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REMAINING ACTIVE CAN PROMOTE GOOD HEALTH NDU is a place you can get involved!
By Nancy Peterson ND United Retired President
We cannot allow our pensions to be devalued and mismanaged like our brother and sister union members’ pensions have been devalued and mismanaged.”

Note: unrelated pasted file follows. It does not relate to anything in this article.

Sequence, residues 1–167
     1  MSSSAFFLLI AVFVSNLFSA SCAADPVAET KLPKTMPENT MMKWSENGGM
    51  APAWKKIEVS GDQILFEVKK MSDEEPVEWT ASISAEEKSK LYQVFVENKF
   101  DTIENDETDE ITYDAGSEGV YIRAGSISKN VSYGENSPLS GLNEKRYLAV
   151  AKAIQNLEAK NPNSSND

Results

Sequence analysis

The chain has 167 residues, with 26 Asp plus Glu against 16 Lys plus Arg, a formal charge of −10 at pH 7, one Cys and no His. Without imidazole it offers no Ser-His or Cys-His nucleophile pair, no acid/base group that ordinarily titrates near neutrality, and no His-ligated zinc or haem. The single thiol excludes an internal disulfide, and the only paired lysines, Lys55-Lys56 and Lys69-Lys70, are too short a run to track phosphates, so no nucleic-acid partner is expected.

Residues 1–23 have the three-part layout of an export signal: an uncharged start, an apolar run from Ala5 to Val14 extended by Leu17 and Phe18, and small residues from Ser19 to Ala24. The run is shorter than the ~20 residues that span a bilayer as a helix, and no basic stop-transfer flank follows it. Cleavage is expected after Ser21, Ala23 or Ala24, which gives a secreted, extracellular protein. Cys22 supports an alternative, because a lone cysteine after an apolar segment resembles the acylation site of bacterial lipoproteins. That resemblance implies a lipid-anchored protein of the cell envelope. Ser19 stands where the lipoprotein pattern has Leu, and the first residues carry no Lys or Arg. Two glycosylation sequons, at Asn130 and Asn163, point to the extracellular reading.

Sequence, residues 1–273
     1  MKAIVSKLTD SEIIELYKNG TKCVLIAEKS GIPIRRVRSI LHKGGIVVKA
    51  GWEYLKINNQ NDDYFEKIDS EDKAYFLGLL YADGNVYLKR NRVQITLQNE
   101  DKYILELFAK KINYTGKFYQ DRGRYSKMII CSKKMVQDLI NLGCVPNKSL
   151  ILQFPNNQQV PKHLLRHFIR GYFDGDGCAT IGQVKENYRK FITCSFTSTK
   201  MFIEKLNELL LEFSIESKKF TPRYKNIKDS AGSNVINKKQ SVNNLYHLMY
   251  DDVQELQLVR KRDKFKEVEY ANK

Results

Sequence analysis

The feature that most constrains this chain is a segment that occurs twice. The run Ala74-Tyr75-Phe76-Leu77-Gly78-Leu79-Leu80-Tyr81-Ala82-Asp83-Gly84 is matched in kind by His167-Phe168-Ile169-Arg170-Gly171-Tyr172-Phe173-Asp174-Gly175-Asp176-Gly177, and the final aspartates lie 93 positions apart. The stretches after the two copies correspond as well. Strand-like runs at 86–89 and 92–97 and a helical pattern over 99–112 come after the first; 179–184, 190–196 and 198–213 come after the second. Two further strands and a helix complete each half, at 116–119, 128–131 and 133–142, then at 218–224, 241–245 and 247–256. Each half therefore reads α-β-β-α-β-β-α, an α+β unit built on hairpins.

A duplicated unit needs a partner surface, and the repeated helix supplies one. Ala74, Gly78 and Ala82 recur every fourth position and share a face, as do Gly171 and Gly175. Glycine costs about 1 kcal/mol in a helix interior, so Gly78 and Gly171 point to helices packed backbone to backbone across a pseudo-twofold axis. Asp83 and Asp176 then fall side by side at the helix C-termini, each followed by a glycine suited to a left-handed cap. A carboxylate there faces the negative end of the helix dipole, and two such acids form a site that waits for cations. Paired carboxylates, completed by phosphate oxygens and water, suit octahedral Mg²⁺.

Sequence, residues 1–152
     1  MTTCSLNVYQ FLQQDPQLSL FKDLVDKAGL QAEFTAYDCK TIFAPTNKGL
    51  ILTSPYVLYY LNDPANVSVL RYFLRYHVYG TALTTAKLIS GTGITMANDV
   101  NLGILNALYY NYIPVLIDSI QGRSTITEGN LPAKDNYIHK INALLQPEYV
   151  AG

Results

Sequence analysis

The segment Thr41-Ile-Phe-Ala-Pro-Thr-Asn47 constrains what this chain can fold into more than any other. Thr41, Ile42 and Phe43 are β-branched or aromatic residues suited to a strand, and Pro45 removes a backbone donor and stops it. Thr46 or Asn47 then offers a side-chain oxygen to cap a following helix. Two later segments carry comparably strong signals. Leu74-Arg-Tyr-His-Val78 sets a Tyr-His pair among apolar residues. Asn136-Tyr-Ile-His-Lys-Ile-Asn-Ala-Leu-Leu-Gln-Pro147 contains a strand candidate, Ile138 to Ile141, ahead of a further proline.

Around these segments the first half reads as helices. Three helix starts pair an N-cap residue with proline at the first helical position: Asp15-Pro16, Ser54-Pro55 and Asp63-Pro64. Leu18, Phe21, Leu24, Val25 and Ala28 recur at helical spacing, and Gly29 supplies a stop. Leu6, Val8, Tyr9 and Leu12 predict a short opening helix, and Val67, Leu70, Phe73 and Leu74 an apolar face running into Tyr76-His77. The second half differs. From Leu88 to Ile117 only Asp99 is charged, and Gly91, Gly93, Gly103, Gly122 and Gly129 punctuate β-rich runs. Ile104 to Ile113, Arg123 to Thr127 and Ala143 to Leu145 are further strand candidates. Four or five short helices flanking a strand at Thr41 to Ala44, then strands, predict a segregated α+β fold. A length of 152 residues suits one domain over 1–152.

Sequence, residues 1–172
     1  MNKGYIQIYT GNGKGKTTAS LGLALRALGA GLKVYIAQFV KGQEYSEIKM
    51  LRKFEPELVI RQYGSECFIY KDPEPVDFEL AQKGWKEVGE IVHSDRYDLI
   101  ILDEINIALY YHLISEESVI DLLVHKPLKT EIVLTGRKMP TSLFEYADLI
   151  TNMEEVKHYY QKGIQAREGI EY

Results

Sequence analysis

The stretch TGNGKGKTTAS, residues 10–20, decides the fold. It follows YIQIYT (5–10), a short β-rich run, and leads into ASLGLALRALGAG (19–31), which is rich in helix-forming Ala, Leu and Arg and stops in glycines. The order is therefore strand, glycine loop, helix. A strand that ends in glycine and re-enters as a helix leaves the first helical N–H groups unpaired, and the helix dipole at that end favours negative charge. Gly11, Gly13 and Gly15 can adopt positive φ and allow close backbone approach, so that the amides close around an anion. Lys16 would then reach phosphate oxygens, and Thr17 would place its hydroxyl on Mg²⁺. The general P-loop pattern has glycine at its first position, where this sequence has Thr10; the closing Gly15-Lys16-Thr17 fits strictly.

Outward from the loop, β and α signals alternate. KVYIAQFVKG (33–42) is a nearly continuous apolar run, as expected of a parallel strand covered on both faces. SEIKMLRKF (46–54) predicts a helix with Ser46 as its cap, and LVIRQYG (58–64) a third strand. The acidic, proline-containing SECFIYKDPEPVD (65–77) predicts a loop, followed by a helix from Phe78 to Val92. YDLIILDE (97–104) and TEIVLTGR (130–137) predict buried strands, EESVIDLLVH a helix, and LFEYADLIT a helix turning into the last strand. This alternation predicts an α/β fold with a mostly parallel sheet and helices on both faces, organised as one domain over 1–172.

Where has the time gone? It is already March. Does it feel like time flies by now that you are retired? It does to me. There are so many opportunities that retired members can partake in today’s world. Look around and see what needs to be done in your community, church, area or state. Many of our members volunteer at food banks, as caregivers to our parents or siblings, at our local schools, churches, and our own NDU association, just to name a few. Remaining active can go a long way in promoting good health in both mind and body. NDU continues to work to promote and protect our rights and pensions. We cannot allow our pensions to be devalued and mismanaged like our brother and sister union members’ pensions have been devalued and mismanaged. Starting in a few months many retired union workers’ pensions will be greatly reduced. Imagine what would happen to your lifestyle if your pension was reduced by 60 percent. What changes would you have to make? That is why NDU attends all the Teachers Fund for Retirement (TFFR) meetings and keeps in contact with the TFFR staff to insure our pensions are protected. How can we make sure our finances are protected? Get involved in NDU! Be an advocate for not only yourself but those that came before you and those that will follow. To quote Paul Auster: “To leave the world a little better than you found it. That’s the best a man can ever do.” That is my hope for this year and our Association. Let the journey begin.